Culturally Appropriate Teaching

A. Wade Boykin, Ph.D.

February 28 , 2006

Profile

As the Spring 2003 Howard Magazine confirmed, Dr. A. Wade Boykin is a legendary scholar-teacher. According to the editors, Dr. Boykin is one of “eight distinguished faculty members whose work has significance not only for the Howard University community, but for people around the world.”

Dr. Boykin has earned this reputation from his teaching and his research on teaching. At Howard, he directs the graduate program in Developmental Psychology, where he teaches courses such as “Seminar in Developmental Psychology,” “Cognitive Development,” and “Psychology & the Black Experience.” He also directs the Capstone Institute, formerly known as CRESPAR, the Center for Research on the Education of Students Placed at Risk. Based on a Talent Development Model, Capstone’s philosophy is that “students are not inherently at risk but rather are placed at risk of educational failure by many adverse practices and situations.” Thus, Capstone’s projects are built on the premise that “all students can learn in demanding settings with high academic expectations.”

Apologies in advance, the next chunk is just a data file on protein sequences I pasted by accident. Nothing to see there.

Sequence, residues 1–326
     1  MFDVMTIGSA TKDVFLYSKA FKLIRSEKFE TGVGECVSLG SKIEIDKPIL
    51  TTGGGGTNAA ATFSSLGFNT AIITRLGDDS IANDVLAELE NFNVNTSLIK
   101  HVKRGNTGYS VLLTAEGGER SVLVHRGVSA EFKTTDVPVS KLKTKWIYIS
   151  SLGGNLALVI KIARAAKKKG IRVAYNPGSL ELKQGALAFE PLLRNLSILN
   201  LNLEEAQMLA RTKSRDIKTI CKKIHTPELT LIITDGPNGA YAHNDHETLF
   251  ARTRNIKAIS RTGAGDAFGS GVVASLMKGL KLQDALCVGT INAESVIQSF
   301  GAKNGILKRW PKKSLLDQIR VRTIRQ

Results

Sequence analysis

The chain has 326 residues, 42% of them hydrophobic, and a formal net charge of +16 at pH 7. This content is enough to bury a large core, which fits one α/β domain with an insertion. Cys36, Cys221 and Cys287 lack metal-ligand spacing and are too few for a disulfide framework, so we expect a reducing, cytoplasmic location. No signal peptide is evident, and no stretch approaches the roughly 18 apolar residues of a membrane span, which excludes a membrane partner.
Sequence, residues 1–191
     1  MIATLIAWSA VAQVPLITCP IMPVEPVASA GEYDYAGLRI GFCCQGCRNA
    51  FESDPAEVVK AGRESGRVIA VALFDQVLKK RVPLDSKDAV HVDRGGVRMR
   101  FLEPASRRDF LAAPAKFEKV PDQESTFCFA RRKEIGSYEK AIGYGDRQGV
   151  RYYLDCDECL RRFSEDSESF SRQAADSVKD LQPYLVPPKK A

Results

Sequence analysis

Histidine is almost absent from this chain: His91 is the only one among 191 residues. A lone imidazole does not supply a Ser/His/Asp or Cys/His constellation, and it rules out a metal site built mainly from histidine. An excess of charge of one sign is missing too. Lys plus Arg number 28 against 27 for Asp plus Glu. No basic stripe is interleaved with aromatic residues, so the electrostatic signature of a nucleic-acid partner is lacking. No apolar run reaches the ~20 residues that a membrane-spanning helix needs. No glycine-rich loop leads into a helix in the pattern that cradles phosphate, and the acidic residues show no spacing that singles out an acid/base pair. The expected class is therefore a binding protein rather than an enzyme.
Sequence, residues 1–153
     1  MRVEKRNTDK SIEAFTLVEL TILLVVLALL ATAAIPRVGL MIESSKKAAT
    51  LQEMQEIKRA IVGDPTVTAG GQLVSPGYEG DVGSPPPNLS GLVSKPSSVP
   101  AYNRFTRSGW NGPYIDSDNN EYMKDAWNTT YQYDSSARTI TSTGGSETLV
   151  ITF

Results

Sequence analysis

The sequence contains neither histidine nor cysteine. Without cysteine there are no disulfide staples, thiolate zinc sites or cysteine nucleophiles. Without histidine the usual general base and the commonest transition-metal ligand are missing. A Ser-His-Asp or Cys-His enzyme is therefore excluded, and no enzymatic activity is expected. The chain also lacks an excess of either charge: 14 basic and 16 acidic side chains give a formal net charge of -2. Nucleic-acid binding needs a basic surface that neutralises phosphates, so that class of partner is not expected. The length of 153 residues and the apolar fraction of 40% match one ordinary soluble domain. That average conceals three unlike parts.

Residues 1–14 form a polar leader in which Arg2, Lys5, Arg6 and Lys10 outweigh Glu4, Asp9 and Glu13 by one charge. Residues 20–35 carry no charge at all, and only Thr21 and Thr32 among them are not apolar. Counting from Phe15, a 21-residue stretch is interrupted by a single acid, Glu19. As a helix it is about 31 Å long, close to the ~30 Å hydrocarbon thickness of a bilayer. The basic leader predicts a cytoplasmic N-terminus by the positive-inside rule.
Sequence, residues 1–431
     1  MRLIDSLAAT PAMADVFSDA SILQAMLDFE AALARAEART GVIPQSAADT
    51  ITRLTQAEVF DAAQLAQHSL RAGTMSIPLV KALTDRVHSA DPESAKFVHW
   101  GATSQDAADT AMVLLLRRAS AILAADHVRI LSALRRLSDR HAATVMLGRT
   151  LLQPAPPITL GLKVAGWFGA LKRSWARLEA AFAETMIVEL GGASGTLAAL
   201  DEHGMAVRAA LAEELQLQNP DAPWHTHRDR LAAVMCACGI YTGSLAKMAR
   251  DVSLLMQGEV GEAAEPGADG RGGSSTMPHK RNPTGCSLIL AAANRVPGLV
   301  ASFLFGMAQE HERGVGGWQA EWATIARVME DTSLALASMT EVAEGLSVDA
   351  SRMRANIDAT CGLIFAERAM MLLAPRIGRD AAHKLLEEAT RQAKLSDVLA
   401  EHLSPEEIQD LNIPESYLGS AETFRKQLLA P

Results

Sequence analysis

During his tenure at Capstone/CRESPAR, Dr. Boykin has published countless articles and chapters about African American child development, African American academic achievement, and the relationships among cognition, motivation, and culture. Through his research, he has discovered several “culturally appropriate” ways to improve African American students’ academic performance. Because of his expertise, he was invited to serve on the Research Advisory Panel for the National Minority Student Achievement Network. In 1995, he also served on the American Psychological Association’s task force that published “Intelligence: Knowns and Unknowns,” a response to Richard Herrnstein and Charles Murray’s controversial book The Bell Curve. In this video, however, he advises us, his fellow teachers, about some of the “culturally appropriate” ways that we can help our students learn.

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